independent living centers

Independent Living Centers: What the Facility and Residents Are Really Like

Despite the early stages of dementia or problems with mobility, seniors still want to maintain independent living. It gives them a sense of being in control rather than feel helpless and fully dependent on someone else.


There are misconceptions that assisted living centers are only for seniors and people with disabilities who can no longer fend for themselves. This is why aging individuals don’t want to live in them.


What if we tell you that there is an assisted living community that enables you to maintain independence?


An independent living community provides seniors with the freedom they need in their old age in a happy environment and with a culture that fosters having fun and keeping busy and alert.



Independent Living vs Assisted Living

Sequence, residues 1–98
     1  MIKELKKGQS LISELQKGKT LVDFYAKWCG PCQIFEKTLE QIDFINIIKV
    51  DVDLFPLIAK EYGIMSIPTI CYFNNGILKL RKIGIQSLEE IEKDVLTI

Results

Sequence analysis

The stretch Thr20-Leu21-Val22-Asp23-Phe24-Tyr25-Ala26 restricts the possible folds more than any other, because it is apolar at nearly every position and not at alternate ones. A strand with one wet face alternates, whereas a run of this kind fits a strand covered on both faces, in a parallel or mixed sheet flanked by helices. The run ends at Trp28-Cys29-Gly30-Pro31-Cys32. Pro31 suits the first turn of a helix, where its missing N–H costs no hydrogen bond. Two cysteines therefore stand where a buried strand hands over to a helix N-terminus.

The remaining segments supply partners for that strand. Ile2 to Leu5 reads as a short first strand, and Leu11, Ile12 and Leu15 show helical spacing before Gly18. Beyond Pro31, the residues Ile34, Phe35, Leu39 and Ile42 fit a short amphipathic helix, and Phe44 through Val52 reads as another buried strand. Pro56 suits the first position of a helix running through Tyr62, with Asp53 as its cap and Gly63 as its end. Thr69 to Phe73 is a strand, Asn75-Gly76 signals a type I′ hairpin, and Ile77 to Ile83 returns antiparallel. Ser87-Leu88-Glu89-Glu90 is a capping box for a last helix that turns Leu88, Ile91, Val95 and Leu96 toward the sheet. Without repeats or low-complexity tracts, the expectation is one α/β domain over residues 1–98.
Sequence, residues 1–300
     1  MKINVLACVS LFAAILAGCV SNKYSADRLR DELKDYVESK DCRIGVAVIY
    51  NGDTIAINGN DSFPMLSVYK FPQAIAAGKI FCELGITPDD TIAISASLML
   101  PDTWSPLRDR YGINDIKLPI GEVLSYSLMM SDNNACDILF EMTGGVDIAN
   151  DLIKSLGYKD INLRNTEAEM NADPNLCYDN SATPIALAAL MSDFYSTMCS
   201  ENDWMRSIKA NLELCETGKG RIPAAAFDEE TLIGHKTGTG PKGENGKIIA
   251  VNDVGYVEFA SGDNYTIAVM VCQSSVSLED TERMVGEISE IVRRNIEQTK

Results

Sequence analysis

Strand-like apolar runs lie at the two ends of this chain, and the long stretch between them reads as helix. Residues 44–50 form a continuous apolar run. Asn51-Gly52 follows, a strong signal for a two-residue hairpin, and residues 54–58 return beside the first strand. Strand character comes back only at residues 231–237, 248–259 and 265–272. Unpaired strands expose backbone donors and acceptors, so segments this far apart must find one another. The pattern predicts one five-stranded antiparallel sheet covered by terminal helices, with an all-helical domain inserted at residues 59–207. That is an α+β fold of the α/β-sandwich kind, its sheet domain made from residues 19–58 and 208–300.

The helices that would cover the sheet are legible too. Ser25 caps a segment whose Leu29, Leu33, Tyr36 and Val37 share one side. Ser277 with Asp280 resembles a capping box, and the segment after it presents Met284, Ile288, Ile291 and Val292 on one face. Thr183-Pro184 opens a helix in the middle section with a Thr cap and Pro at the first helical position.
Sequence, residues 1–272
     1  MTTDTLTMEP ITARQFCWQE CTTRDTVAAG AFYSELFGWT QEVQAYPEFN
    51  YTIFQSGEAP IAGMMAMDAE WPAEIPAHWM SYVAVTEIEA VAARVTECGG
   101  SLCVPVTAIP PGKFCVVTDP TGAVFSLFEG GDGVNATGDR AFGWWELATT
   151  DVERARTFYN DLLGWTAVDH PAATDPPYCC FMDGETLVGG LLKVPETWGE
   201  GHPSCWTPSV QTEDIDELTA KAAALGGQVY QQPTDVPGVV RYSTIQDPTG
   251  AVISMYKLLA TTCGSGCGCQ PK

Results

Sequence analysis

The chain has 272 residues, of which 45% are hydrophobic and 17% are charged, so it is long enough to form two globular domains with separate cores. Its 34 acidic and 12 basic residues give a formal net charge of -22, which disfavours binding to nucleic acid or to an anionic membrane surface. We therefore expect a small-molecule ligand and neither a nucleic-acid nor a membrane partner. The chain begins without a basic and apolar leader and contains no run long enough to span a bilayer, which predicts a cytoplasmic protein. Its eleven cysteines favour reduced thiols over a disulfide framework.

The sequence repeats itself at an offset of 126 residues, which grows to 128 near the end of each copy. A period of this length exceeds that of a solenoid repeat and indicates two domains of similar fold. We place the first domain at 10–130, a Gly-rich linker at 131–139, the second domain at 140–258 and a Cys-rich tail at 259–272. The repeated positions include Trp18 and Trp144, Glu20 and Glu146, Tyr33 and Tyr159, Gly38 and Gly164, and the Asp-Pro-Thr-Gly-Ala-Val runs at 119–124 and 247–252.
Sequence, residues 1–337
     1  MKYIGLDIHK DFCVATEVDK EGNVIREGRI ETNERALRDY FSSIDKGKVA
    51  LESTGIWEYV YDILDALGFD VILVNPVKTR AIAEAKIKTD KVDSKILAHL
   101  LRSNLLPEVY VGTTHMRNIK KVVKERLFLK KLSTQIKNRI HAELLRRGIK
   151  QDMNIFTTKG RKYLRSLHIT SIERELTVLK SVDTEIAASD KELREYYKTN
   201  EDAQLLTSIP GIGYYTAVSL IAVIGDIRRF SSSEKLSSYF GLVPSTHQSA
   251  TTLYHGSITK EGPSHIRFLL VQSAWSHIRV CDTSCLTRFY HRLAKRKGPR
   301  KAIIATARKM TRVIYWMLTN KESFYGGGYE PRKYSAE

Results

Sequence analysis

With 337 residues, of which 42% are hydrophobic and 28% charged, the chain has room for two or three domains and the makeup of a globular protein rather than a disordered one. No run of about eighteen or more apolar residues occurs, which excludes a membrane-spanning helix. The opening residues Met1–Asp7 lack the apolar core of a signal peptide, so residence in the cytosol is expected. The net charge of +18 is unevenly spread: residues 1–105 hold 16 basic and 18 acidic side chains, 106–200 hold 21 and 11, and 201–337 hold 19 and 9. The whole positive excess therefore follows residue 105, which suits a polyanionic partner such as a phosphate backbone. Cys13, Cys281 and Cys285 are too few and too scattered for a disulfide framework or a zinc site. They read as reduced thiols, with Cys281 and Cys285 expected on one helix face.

To ensure there’s no confusion from here on out, you should know the difference between the two.



Independent Living

  • Residents have their own private dwelling spaces in different housing arrangements
  • Laundry and housekeeping services are provided to minimize the daily responsibilities of a resident
  • May have a centralized hospitality building designed for socialization
  • Typically, not licensed by the federal government or the state, the criteria of residents for independent living communities are more relaxed.
  • Arrange recreations schedules for residents



Assisted Living

  • Residents live in typical apartment-style units that may or may not have a fully equipped kitchen
  • Staffed by at least one medical professional as most residents will need some form of assistance, including medical-related ones
  • More heavily regulated and has more regulations than independent living. Not everyone qualifies for assisted living. Many government agencies will be involved such as the health department if the community serves meals.